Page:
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Government Offers Tax Incentives for Grants

Vladimir Potanin

With some experts complaining about the decreasing quality of higher education, the government is planning to provide tax incentives for grants given to students.

Deputy Education Minister Igor Fedyukin said last week that amendments had been prepared by the government to encourage private donors to invest their money in education programs.

“Without those resources, we will not be able to get to the required level of higher education financing,” Fedyukin, who oversees higher education, said at a panel organized by the Vladimir Potanin Foundation.

The foundation, established by billionaire Vladimir Potanin in 1999, is a major supporter of education programs.

Under the amendments, those receiving any private grants from NGOs focusing on education will be exempt from taxes. Grant givers, who are currently exempt from taxes only on 25 percent of their donations, will not pay any taxes on them.

The government announces amendments to encourage private donors to invest money in education programs.

Other proposed measures are to increase the reporting period for the funding of scientific projects to three to five years in order to stimulate longer-term financing and to introduce unified standards for expert evaluations of scientific projects, Education Ministry official Yelena Dryganova said in April in an interview with the Science and Technology RF portal.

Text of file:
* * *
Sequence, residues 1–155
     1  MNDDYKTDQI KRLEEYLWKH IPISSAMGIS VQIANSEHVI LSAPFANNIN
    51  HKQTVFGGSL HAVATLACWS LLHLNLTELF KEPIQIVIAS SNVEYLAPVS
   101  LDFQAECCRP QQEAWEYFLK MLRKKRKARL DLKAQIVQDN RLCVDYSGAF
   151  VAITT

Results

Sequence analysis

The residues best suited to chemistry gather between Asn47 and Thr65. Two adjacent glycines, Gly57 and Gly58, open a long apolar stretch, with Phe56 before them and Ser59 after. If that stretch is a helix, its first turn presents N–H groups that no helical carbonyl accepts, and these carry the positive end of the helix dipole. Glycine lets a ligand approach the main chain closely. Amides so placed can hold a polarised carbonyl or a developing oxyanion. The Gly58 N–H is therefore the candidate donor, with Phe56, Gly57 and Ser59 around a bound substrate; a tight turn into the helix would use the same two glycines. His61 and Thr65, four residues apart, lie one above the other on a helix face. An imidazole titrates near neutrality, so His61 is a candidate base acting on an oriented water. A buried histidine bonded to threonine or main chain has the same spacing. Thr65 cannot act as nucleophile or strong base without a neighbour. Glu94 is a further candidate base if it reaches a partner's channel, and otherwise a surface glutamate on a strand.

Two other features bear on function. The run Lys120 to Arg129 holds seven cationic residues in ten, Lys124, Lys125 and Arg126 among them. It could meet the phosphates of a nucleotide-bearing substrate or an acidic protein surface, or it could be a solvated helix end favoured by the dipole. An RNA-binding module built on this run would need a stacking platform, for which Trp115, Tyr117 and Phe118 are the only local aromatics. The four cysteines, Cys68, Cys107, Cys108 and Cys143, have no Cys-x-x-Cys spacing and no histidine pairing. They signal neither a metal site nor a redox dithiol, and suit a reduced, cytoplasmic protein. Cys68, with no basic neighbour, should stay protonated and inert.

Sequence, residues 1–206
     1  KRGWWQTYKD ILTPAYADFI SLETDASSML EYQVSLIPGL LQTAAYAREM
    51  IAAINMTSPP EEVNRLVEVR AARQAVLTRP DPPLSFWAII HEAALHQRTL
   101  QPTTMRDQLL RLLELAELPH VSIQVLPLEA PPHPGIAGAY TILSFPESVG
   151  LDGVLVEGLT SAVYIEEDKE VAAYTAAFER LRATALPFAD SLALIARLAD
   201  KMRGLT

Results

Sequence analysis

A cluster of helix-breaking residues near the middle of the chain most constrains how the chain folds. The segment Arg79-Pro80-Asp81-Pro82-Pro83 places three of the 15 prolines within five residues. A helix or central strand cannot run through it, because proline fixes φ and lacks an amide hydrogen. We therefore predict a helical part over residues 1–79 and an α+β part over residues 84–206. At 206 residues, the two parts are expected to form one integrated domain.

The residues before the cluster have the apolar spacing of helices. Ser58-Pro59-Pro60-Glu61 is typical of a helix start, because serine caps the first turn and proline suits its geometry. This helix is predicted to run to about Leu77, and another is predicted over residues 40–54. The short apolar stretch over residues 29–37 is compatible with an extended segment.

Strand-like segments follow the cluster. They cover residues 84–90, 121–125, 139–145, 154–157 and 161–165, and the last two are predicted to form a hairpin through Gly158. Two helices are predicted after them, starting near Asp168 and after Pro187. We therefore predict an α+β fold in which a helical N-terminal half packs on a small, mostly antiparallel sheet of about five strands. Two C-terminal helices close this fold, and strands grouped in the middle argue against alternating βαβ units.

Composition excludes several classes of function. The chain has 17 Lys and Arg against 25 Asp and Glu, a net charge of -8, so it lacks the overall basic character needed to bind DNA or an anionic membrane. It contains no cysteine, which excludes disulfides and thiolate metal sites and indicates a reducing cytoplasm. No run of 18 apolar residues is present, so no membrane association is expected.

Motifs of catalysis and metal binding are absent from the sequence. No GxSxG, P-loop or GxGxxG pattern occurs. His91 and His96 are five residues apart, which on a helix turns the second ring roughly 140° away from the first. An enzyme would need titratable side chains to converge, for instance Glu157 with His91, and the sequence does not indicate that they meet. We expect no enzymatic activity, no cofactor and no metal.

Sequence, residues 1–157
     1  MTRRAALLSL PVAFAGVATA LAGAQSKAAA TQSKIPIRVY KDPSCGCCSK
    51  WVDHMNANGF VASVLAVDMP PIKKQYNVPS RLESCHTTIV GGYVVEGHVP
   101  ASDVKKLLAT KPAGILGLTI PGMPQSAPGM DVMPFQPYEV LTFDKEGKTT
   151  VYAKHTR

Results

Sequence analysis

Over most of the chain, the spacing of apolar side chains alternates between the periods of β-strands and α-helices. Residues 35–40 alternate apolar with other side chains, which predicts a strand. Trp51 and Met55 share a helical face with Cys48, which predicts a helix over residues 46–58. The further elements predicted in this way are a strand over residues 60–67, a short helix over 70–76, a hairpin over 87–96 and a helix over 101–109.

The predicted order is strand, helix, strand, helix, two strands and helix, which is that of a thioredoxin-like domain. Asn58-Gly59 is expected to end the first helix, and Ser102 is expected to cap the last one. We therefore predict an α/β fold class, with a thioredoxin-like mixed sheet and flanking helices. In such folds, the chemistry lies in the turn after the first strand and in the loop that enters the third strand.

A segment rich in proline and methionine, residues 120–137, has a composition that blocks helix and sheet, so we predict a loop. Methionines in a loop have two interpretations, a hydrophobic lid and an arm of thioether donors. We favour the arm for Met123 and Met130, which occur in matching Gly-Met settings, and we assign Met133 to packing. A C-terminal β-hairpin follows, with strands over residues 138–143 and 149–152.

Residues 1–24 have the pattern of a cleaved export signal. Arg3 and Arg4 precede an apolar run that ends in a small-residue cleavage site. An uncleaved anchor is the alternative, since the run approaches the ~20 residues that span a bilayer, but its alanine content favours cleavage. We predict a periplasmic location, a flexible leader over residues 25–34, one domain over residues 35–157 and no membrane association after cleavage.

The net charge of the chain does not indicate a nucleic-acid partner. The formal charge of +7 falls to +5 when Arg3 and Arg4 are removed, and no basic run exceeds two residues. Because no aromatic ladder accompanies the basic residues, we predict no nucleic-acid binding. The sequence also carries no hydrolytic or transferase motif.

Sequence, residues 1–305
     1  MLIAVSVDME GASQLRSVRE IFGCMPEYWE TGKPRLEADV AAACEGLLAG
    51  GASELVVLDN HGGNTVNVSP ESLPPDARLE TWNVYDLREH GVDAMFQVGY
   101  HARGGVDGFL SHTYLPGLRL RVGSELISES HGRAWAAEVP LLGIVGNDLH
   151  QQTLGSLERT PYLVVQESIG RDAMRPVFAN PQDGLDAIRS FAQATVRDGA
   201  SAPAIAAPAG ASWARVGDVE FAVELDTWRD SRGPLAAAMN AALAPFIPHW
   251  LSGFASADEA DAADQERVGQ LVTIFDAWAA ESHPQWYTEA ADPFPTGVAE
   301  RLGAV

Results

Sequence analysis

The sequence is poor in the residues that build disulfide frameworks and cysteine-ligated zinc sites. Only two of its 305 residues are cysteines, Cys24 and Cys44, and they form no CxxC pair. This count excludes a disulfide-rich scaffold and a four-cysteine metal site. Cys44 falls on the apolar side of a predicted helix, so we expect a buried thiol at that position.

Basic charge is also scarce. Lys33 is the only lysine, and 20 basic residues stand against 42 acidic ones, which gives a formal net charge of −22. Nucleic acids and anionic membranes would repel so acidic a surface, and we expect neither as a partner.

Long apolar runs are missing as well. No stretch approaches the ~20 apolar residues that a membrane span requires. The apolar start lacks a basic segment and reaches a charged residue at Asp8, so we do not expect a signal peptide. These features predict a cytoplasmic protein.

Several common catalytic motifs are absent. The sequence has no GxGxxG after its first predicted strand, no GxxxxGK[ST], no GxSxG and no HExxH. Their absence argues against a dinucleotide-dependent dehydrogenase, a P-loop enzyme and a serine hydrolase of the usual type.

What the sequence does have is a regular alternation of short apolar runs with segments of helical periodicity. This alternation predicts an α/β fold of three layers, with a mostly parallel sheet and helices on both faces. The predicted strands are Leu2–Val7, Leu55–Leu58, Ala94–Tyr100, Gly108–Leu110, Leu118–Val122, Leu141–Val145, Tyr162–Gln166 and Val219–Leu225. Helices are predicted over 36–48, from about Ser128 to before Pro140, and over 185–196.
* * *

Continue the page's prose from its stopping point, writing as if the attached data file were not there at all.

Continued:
“We hope that proposed amendments will stimulate the private financing of science,” she said.

Fedyukin also said financial resources accumulated by charities were still insufficient.

“The development of charity efforts in education is a key thing and we can’t move further without it,” he said.

The Education Ministry’s amendments were welcomed by representatives of private organizations working in the field.

“Non-governmental investments are a resource that will become an important element in the development of domestic education and science,” said Revaz Yusupov, a spokesman for the Vladimir Potanin Foundation.

The foundation spends over $10 million annually to support various education programs in Russia, including grants to students and professors. The program covers 58 universities in various regions.

The new amendments might also help foreign-funded NGOs focusing on education programs. Yelena Danilova, a member of the board of trustees of the New Eurasia Foundation, said the amendments allowed Russian participants to introduce their innovative projects at leading U.S. universities, such as the UCLA and the University of Maryland.

“Russian universities can go to the U.S., test their innovations and invite foreign investors,” Danilova said at the panel.

The funding of science and education in Russia has benefited from the creation of endowments after legislation regulating them was passed in 2006.

There are currently 87 such endowments worth a total of 18 billion rubles ($581 million) in Russia. While the first endowment fund was founded in 2007 to support Skolkovo school for management, the majority of similar ones were established at leading Russian universities.